I joined a Finance Committee meeting a few minutes late and the investment manager was already in full flow. The meeting heard about the return of inflation (or not), the rotation from growth to value investing (or not) and the positive performance of the portfolio. They listened in that polite but uninterested way that we all occasionally adopt at parties when listening to someone else’s anecdote.
After about ten minutes there was a pause, at which point the Chair explained that the charity was coming to a point in its expenditure cycle where it was going to need some liquidity to fund its major activity. “Of course”, said the manager, “just let me know how much and I’ll let you know if that’s ok”.
After the manager left the meeting, I explained that as it was their money they could have as much as they want, or even close the account. The Finance Committee had become enthralled to the authority of the manager in dealing with their money and had completely forgotten that it was theirs to spend or invest as they chose. They did not need anyone’s permission to take money out. The manager had forgotten too but the point is so obvious and such an essential duty of a Trustee.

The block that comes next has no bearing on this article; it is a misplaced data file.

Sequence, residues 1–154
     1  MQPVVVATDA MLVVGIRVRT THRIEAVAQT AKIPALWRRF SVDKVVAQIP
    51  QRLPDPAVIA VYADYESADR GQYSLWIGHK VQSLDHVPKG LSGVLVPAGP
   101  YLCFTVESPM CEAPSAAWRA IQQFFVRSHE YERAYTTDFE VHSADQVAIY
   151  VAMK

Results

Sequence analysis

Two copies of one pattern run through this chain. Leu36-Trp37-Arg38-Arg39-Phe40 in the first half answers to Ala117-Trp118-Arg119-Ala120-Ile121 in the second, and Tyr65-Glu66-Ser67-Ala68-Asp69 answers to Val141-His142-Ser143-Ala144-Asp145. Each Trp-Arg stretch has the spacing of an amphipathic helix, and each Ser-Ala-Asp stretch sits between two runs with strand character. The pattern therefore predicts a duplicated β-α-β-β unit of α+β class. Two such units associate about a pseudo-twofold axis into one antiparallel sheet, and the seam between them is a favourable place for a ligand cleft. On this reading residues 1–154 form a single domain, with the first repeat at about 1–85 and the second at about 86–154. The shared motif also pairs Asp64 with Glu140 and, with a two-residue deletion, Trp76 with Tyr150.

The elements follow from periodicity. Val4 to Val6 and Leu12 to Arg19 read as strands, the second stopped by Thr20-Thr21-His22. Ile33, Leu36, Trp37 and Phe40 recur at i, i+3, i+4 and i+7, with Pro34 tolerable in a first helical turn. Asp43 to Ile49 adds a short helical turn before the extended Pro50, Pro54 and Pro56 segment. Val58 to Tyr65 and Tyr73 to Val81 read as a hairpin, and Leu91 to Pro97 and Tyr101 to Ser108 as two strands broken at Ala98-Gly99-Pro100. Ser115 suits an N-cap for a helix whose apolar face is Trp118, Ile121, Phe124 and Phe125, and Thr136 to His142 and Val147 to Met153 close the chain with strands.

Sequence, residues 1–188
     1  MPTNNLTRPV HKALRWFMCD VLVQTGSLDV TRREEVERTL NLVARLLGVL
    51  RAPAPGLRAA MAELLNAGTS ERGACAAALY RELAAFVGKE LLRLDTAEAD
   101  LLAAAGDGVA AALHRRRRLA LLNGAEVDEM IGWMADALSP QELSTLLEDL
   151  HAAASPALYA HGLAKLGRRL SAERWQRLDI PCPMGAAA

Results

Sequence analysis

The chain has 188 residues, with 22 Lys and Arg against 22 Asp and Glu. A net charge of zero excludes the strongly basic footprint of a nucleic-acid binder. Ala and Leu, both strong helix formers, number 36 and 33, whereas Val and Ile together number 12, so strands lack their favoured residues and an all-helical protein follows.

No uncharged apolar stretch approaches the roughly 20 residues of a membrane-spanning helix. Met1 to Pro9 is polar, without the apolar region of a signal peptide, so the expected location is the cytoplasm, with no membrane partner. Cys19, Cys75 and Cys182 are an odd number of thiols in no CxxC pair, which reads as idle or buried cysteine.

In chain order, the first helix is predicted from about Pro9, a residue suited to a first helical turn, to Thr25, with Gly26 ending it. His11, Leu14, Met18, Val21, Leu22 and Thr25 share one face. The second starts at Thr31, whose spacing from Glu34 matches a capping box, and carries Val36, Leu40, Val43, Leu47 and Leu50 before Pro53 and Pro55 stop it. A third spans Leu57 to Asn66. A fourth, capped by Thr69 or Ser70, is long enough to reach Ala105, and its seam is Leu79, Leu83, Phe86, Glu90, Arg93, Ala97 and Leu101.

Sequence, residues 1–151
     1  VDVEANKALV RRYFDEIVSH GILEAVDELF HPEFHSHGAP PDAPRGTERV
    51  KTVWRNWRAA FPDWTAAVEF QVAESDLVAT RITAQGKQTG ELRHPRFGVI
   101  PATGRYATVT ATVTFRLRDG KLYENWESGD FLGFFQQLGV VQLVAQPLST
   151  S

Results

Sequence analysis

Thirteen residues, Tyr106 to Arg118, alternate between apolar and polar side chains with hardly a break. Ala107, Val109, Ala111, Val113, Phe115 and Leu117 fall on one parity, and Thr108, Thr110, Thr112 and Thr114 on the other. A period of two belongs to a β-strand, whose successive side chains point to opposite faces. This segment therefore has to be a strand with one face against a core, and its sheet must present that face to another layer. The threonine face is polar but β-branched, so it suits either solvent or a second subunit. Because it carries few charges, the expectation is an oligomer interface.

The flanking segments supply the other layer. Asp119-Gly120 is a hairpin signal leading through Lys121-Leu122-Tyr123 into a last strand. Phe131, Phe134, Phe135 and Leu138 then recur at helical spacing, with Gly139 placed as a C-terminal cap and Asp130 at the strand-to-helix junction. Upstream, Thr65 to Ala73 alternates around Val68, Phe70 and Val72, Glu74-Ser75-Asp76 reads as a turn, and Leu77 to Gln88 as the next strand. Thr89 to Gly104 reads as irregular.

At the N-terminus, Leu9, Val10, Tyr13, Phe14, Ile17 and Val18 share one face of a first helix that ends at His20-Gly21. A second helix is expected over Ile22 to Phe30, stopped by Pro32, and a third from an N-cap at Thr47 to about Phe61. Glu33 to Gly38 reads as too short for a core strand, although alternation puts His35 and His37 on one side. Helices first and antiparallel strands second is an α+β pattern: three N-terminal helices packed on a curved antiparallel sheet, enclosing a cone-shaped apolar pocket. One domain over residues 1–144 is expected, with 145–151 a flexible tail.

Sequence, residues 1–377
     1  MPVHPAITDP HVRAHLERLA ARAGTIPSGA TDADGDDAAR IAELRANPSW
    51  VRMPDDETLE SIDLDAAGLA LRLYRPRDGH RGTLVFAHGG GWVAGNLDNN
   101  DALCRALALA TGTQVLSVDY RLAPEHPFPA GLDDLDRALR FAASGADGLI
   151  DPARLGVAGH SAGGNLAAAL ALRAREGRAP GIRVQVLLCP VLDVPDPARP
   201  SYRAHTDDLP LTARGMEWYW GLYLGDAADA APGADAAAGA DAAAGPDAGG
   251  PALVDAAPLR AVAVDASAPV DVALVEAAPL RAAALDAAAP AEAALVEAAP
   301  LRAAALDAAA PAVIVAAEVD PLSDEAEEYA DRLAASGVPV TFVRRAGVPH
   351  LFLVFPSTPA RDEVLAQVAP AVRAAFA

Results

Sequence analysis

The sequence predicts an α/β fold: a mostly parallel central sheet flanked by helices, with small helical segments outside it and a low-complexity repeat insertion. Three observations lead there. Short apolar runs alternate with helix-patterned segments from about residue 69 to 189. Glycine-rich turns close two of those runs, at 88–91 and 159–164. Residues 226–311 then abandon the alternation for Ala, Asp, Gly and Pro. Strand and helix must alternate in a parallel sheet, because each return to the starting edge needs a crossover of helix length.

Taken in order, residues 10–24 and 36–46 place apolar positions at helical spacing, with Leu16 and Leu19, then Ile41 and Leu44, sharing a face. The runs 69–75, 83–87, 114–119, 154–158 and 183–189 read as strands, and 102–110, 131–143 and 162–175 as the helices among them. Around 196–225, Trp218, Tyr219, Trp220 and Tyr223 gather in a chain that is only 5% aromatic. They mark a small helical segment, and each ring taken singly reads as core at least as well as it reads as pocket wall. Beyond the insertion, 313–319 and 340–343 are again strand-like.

It’s not a one-way street. Many managers are encouraging their client to use some of their extraordinary investment gains of the last ten years and fund extra spending. After all, if now is not a good time to spend more, it’s hard to imagine when might be.
I suspect this happens too often, especially where a relationship has become so familiar that basic principles are overlooked, and Trustees become dependent on their advisers and stop thinking for themselves (and the advisers fall in with this too). What to keep and what to spend is a key Trustee decision, and only rarely is there an obligation to protect future beneficiaries (in permanent endowments), so the choice is usually an active one, driven by Trustee plans.
If you find that your charity is not certain whose money it is, or who controls it, get in touch with us and we can offer you some low cost, independent help to get you back into the driving seat.